The Commish’s Blog

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Whose Meter Is More Acccurate?

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An accurate meter is calibrated to a traceable standard

AV 9000 Checklist Item Under Test:  

The integrator shall provide a list of the calibrated equipment that will be used on the performance tests in the Staging and Commissioning Checklists, along with the calibration date and serial numbers for each.

Test Reasoning: 

A measurement is only as good as the person and equipment used to take it.  The best practice is to have all test equipment calibrated to a traceable standard.  This removes all questions.  If a recently calibrated meter says it sees 1.0 V between its leads, there is indeed 1.0 V between its leads.  The question arises, however, regarding how often equipment needs to be calibrated (or at least verified if it has no adjustment).  That is up to you, as the user of the test equipment.

If your organization has a quality management system in place, these processes will be documented.  If the processes ever let a team member down (a device measures 0.8 V across something that is 1.0 V… and therefore the test was not valid), there are measures in place to make sure it will never happen again, such as getting the test gear calibrated every year instead of every two years (continual improvement).  As an AV professional, I must be able to trust my test equipment.

The Story:

We were working on a system that sounded absolutely great.  I knew it was going to pass the sound performance test with flying colors.  The integrator knew it too.  They had completed their commissioning checklist weeks before and felt very confident in the system.  Despite this, I measured a dismal 27 dB signal to noise ratio.  It should have been greater than 60 dB based on what I heard, and it had to be greater than 55 dB to be accepted by the client.  I asked the integrator about it, and he confirmed he measured 68 dB or better from all sources with his meter.  

We looked at the calibration stickers on both my meter and his meter.  His meter was calibrated a month before, and mine was coming up on two years.  His meter “won”.  Not only had it been calibrated more recently, but it corresponded to what we heard in the room.  My meter was way off and needed a tune up, as did my calibration procedure for that particular meter.  Two years was clearly too long between calibrations.

So, how often do you need to calibrate the test equipment?  If it is heavily used and lives are at stake, perhaps every month would be a good idea.  If it is used moderately, perhaps every year is acceptable.  If, after several years of calibration, no adjustments have been made to the device, perhaps every two years is satisfactory.  The important thing is that:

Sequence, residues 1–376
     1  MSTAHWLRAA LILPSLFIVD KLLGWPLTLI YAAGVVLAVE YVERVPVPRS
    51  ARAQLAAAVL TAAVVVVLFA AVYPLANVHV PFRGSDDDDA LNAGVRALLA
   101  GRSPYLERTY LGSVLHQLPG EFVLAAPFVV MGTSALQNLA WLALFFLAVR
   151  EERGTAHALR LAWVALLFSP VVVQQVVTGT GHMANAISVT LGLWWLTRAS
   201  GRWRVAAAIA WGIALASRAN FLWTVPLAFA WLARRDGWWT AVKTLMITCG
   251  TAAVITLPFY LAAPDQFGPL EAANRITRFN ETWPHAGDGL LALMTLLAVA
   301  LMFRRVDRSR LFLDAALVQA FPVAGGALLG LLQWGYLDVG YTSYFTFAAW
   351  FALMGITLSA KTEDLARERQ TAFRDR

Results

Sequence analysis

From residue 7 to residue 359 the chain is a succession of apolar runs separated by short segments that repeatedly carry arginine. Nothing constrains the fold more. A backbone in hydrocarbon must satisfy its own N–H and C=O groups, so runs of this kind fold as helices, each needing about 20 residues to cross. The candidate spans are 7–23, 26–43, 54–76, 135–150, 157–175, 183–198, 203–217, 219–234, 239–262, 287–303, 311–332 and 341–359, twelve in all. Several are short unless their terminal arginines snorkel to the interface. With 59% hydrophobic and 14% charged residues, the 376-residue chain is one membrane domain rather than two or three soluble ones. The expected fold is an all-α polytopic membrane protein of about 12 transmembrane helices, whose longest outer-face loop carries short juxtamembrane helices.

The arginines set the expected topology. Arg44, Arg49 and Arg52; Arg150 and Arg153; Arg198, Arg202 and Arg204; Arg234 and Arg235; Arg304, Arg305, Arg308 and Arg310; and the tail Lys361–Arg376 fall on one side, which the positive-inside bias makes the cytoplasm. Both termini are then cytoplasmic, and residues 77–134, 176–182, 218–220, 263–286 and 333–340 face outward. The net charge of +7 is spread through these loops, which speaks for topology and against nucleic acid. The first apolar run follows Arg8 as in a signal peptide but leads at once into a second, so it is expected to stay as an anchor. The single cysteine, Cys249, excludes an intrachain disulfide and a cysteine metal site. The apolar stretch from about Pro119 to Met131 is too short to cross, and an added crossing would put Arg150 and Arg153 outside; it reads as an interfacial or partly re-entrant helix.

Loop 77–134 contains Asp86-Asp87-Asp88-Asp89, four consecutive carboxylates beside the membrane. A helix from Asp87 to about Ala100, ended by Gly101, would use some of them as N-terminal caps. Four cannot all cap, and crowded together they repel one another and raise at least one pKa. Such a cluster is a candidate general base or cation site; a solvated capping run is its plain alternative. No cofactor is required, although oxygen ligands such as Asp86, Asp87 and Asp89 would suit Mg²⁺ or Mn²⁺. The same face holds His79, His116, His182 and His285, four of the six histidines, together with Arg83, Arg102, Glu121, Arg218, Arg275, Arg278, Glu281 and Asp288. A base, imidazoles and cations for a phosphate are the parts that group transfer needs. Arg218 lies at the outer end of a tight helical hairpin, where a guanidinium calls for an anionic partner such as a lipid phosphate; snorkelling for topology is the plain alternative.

1. The test equipment does indeed get calibrated.  If it can’t be calibrated, at least verify it is measuring true.  Many people don’t realize they have to do this at all.  They just buy the equipment and trust it blindly.  Owning test equipment comes with additional costs of ownership, including calibration.

2. Create a calibration schedule and stick to it.  Put the calibration date on a sticker on a device, and make sure it also has an expiration date.  If the device is used after the expiration date, the test might not be valid, and it needs to be re-cablibrated.

If you are ISO 9000 or AV 9000 certified (or if you just want to be fancy), all test equipment must be calibrated or verified to a traceable standard.  That doesn’t necessarily mean that every device in the organization has to periodically go out to a calibration company.  This can be very costly and disruptive to operations (I hate when test equipment leaves me for weeks…I miss them…I have problems…I digress).  This just means that each device needs to have a traceable link to a known standard.  So, what if you only get a generator and a voltmeter calibrated by a service, and then calibrate or verify all other test gear with those calibrated devices?  You just provided a traceable link to a known standard, saved a ton of money in time, services, and lost opportunity, and most importantly, verified that you can trust all your devices are measuring true.  If you do this periodically and print your own dated calibration labels, you are well on your way to satisfying that aspect of the ISO 9000 and AV 9000 standard.  Also, no one will be able to question your measurements.  That’s a nice safety blanket.

In reality, most digital test equipment holds up very well.  The biggest problem we see is untrustworthy measurements immediately before the batteries fail.  If their performance is verified once every year or two, you will be in good shape.  The biggest concern is the mobile device measurement apps being used to commission systems.  If they are calibrated, they work remarkably well, but they must be calibrated.  If you roll your own calibrations, this won’t take much time at all.  

In fact, my iPad and iPhone with their acoustic accessories are a very important part of my testing arsenal, and I verify their performance every six months.  However, most apps, out of the box are way off the mark.  I had an operator try to convince me that the subway he took to work, typically measuring 100+ dB-SPL, A-weighted (dBA) on the platform, was only 60 dBA “because his iPhone app said so”.  When I asked to see the calibration records for the free app he downloaded on said platform, I just got a blank stare.  

Make sure you can trace the performance of all your test equipment to a known standard periodically.  Owning the test equipment is important; making sure it works accurately is even more important.

Originally appeared in Sound & Communications Magazine, 12/1/13


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